Only 37% saw the same midwife at every antenatal check-up. This may partly explain why still only 52% said that their midwives ‘always’ appeared to be aware of their medical history and 12% that their midwife was not aware of it (though these numbers have improved slightly over time).
It is also a concern that only 75% ‘always’ got the help they needed when they contacted a midwife. Nearly a fifth (19%) ‘sometimes’ did, but 3% did not and another 3% said they were unable to contact a midwife when needed. Although the trend is improving slowly, this is still far too many women who are not always getting the help they need.
Perinatal mental health
Of those reporting a long-term health condition, mental health was the most common problem mentioned. This group represents around 8% of the total sample.
During pregnancy, a majority (67%) were ‘definitely’ asked about their mental health, 24% were asked about it ‘to some extent’ but 9% said they were not – which means one in ten mothers said that they were never asked about this important aspect of their health before their baby was born. The figures for postnatal care were better, but one in twenty new mothers said they were not asked after their baby was born.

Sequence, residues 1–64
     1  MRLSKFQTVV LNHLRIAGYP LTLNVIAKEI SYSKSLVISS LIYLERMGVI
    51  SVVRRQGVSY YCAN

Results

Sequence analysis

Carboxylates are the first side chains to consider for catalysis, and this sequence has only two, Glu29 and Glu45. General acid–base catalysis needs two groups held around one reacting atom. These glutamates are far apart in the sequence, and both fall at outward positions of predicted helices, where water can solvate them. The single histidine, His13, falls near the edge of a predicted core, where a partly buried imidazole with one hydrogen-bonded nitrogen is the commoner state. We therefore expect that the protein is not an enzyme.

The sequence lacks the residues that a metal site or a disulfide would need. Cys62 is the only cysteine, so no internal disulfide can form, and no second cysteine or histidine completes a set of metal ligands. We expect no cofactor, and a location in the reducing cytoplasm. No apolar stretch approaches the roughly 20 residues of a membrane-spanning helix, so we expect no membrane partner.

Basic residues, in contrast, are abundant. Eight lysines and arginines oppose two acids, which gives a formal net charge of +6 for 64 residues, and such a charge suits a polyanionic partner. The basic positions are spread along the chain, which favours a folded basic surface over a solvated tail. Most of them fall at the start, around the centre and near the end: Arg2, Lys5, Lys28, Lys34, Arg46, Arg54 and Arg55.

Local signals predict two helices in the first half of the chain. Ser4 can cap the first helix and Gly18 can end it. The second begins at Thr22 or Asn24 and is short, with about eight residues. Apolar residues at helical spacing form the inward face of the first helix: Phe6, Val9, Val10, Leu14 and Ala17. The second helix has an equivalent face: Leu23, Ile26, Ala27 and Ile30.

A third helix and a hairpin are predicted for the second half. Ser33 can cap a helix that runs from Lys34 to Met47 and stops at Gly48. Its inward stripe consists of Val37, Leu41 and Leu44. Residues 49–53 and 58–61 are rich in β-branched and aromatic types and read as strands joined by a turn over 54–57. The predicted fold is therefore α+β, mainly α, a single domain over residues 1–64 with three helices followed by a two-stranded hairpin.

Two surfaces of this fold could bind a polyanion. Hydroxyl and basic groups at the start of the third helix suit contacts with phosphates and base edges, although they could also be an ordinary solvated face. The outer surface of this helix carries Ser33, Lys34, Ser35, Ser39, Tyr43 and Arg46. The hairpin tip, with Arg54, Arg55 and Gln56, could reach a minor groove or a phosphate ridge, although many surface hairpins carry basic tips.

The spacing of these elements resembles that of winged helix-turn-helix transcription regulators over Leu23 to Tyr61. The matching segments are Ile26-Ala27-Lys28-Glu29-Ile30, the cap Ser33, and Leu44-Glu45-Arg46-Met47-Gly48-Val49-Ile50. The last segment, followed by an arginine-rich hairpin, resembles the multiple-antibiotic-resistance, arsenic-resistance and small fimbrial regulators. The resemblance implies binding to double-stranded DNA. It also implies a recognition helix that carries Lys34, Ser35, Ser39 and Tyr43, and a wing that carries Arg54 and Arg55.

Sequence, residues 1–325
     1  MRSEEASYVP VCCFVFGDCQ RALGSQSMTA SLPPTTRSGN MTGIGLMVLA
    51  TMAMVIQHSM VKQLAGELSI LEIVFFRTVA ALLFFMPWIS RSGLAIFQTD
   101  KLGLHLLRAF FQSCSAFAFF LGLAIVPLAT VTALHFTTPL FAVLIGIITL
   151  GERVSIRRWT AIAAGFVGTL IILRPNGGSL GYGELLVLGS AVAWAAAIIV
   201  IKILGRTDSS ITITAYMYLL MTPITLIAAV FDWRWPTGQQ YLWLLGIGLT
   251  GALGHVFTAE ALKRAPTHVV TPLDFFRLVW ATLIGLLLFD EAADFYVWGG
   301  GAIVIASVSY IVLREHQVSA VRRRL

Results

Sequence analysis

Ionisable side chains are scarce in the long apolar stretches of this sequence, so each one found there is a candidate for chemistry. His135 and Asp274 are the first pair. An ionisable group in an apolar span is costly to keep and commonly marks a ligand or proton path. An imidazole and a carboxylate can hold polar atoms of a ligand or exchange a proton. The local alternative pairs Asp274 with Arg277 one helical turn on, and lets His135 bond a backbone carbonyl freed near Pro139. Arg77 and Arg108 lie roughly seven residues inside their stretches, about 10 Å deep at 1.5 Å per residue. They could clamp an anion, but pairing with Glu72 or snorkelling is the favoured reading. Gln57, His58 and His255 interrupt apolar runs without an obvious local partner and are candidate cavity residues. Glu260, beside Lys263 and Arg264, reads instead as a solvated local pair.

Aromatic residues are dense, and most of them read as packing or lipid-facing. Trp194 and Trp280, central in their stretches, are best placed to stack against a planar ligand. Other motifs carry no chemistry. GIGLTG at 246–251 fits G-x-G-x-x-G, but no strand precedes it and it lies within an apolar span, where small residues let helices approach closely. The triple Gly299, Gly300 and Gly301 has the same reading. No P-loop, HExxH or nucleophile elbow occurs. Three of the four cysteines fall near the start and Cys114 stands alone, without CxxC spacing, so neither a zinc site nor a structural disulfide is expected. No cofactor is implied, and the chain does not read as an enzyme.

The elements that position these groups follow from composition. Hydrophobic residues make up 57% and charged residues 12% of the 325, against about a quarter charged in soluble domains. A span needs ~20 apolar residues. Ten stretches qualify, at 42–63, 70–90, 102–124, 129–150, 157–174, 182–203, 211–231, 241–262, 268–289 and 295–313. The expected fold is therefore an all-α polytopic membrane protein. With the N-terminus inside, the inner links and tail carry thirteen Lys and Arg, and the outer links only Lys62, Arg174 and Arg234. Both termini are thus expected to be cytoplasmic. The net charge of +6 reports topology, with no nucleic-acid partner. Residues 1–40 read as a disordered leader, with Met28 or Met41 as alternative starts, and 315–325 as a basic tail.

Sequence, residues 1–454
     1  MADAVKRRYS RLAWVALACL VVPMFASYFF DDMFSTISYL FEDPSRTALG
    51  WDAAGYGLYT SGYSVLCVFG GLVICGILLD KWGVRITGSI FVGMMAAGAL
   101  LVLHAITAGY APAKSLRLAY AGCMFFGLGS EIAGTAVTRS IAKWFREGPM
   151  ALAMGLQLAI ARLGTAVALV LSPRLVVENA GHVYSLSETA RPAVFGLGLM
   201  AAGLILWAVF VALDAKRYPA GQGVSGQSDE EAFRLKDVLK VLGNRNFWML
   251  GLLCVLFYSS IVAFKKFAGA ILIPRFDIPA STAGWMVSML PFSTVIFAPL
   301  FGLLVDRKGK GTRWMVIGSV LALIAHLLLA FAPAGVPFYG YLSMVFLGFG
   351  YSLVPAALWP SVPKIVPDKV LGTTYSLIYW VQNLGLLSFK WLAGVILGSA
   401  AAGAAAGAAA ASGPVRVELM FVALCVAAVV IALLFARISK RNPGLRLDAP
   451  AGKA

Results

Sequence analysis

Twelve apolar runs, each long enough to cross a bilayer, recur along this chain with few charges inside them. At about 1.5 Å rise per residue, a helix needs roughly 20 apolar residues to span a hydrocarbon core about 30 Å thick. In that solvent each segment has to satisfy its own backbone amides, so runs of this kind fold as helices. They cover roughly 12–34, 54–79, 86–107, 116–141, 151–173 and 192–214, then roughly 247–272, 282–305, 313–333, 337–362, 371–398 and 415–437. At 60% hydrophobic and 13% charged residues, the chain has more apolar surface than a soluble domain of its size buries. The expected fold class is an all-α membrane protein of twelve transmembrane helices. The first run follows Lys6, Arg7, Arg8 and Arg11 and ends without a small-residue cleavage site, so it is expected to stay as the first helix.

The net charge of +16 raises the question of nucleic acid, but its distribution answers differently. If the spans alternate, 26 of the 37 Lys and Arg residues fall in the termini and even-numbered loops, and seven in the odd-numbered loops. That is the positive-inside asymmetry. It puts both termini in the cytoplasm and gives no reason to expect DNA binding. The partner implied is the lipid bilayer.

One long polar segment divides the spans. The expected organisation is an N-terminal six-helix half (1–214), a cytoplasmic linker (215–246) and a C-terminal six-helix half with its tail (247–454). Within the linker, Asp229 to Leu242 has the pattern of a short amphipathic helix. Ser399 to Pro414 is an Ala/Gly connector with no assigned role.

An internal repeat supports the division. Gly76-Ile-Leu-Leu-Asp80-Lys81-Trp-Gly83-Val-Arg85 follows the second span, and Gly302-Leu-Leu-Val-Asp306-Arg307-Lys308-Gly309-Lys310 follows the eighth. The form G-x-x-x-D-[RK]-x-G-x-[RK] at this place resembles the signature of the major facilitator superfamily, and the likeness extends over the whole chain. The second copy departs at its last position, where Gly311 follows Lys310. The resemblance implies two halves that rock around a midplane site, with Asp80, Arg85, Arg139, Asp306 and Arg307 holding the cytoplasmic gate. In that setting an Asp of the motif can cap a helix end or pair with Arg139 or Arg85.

Only 63% were ‘definitely’ given information about possible changes to their mental health postnatally, but 12% (one in eight) did not receive such information. Four-fifths (80%) were told who to contact about them, meaning 20% (one in five) were not told who to contact. These figures may be overstating the problem, as some may have been given the information but not remembered it. However, at the very least this means that substantial numbers of women are not getting the information in a form they can retain and use.
Almost a third said that at their 6–8-week check the GP did not spend enough time talking to them about their mental health, while another 30% said the GP did so ‘to some extent’. Hopefully the recent announcement of dedicated checks for new mothers, separate from the check on their babies, which should have started at the beginning of April (just after these women would have been seen by their GP), will help to address this.
Pain relief methods